$4 million Settlement Reached to Help NOAA Restore Port Gardner and Snohomish River Habitat

$4 million Settlement Reached to Help NOAA Restore Port Gardner and Snohomish River Habitat

January 31, 2018

The U.S. Department of Justice announced a $4 million settlement that will fund some of NOAA’s restoration of sites damaged by industrial pollution in Port Gardner Bay and the Snohomish River in Washington state.

The consent decree (pdf), filed last week, resolved claims that three companies were responsible for discharges of oil and other hazardous substances into the bay and river, damaging natural resources. The companies, Jeld-Wen, Inc., Kimberly Clark Corp. and Weyerhaeuser NR Company, were all a part of multiple industries operating in the Port Gardner assessment area, area since the early 1900s. The area includes the lower Snohomish River, Everett Waterfront, East Waterway, and a portion of Possession Sound near Everett.

Many sites in the area have contamination in soils, groundwater, and sediment due to spills, mishandling of chemicals, and improper chemical disposal. The cleanup started on those sites prior to the settlement, and some have already been completed.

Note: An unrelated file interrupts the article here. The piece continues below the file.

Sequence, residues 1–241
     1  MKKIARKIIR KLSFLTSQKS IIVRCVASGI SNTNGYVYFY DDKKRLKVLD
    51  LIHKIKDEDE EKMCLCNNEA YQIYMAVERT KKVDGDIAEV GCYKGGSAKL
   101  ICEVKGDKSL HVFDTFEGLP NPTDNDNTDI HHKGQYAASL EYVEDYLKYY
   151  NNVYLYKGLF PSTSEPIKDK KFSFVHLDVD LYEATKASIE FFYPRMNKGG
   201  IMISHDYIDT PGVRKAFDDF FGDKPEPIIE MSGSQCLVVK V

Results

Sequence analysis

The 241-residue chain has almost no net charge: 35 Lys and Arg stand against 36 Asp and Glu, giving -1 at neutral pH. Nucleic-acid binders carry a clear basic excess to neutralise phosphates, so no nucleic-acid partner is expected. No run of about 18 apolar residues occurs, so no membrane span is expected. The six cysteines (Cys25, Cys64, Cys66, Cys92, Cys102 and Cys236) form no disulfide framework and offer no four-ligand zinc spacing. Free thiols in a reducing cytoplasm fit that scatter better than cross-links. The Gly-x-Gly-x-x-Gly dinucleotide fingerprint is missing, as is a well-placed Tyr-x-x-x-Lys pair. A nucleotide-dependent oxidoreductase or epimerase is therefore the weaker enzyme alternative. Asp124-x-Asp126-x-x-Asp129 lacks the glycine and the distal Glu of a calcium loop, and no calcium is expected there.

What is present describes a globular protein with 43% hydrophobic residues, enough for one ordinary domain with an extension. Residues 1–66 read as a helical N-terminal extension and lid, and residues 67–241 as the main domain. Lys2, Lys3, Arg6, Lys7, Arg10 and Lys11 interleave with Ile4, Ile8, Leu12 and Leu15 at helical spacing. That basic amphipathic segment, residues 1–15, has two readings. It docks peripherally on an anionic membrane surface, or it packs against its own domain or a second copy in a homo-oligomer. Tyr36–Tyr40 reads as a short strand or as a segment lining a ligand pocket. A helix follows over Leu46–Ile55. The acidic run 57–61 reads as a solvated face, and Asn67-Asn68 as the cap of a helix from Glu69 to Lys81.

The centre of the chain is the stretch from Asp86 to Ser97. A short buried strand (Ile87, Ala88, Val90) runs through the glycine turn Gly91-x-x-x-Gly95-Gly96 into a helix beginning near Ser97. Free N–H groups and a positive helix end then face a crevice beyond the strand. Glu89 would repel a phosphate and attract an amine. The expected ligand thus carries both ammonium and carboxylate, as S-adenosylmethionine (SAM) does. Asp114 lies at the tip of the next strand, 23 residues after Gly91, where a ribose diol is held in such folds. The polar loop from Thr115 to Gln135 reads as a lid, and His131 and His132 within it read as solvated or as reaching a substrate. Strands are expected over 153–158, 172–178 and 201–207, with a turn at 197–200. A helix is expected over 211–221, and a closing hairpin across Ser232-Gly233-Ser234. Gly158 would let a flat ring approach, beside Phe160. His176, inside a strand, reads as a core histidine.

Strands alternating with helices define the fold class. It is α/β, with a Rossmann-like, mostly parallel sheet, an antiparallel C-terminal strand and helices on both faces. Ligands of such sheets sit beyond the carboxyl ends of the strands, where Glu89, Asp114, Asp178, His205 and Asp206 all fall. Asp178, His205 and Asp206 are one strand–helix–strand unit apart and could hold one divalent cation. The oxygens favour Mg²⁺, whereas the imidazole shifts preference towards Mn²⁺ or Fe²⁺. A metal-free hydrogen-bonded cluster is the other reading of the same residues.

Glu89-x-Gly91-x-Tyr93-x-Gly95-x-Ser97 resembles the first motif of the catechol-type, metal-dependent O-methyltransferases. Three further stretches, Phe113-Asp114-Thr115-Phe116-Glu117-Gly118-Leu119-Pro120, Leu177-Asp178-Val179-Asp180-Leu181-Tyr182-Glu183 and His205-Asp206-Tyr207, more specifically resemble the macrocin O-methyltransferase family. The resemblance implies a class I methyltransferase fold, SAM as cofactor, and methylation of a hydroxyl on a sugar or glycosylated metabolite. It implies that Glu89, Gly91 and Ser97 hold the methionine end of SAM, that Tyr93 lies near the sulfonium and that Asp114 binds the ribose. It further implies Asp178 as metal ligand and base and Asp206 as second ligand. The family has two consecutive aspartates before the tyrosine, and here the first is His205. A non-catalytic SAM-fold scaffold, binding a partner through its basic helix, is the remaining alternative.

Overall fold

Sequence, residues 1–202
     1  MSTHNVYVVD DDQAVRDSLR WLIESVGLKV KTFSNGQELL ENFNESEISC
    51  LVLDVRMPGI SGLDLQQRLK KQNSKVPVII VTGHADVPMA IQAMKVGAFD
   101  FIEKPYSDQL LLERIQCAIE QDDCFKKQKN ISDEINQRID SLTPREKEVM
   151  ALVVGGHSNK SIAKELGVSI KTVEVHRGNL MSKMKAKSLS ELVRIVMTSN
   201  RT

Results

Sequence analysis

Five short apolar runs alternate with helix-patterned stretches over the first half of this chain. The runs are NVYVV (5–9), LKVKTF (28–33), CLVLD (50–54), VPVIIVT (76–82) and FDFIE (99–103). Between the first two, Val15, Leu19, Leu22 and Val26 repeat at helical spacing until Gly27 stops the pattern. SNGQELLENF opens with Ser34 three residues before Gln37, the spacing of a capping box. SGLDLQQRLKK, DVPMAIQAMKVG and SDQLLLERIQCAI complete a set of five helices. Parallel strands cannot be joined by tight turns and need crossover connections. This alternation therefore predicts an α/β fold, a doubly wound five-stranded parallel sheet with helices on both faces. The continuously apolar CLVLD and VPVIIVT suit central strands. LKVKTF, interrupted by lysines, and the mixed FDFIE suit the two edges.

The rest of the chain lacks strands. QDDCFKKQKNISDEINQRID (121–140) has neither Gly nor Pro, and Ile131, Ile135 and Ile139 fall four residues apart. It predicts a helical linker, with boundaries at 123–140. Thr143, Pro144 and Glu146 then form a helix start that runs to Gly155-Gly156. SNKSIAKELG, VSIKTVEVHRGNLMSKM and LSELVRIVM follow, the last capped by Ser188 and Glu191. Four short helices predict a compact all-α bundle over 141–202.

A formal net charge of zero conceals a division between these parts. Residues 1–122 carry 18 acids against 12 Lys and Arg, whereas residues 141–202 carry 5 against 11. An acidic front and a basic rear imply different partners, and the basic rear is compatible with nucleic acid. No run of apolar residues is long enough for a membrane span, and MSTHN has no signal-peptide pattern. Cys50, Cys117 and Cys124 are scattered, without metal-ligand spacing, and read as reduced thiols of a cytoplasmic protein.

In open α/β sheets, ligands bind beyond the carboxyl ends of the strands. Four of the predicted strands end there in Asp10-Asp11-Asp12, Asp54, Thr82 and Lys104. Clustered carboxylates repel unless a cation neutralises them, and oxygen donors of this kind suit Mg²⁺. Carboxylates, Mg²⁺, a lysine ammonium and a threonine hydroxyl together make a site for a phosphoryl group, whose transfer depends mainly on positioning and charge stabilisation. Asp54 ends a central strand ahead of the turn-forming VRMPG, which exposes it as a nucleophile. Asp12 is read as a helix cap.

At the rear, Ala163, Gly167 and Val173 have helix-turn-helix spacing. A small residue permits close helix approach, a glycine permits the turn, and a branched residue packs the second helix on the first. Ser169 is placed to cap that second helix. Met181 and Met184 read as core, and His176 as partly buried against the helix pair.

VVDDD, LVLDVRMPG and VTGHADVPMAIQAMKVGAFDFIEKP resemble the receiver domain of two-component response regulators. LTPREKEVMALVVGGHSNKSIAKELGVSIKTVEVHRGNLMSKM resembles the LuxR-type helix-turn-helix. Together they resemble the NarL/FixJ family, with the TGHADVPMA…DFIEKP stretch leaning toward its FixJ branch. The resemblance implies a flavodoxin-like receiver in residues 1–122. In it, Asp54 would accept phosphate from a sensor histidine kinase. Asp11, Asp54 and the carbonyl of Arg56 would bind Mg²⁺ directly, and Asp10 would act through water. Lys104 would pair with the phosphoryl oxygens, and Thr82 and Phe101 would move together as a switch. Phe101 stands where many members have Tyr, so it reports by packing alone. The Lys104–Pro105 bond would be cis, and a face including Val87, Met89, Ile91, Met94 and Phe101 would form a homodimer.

Settlement funds will go towards preserving and enhancing wetlands like marsh, intertidal mudflat, floodplains and riparian habitat, specifically, the Blue Heron Slough Restoration Project in Everett. The project, included in a previously approved final restoration plan, will also involve citizens, engage local partnerships, and continue to protect habitat from future damage.

Contamination in the Snohomish and Port Gardner included harmful substances like arsenic, lead and PCBs which hurt populations of endangered Coastal-Puget Sound Bull Trout, Puget Sound Chinook salmon, and Puget Sound steelhead. Other fish, shellfish and bird populations were also hurt, impacting the ecosystem’s food web. Endangered Stellar sea lions, and Killer and Humpback whales rely on the food web for survival as well.

The assessment of impacts from the hazardous substances and the restoration plan was approved by NOAA, the U.S. Fish and Wildlife Service, the Washington Department of Ecology, the Suquamish Tribe, and the Tulalip Tribes, all co-trustees in the case.

The settlement document is a consent decree. The public is welcome to comment on the consent decree from  January 1, 2018, to March 2, 2018.  After review of the public comments, the consent decree will be  subject to final approval by the court.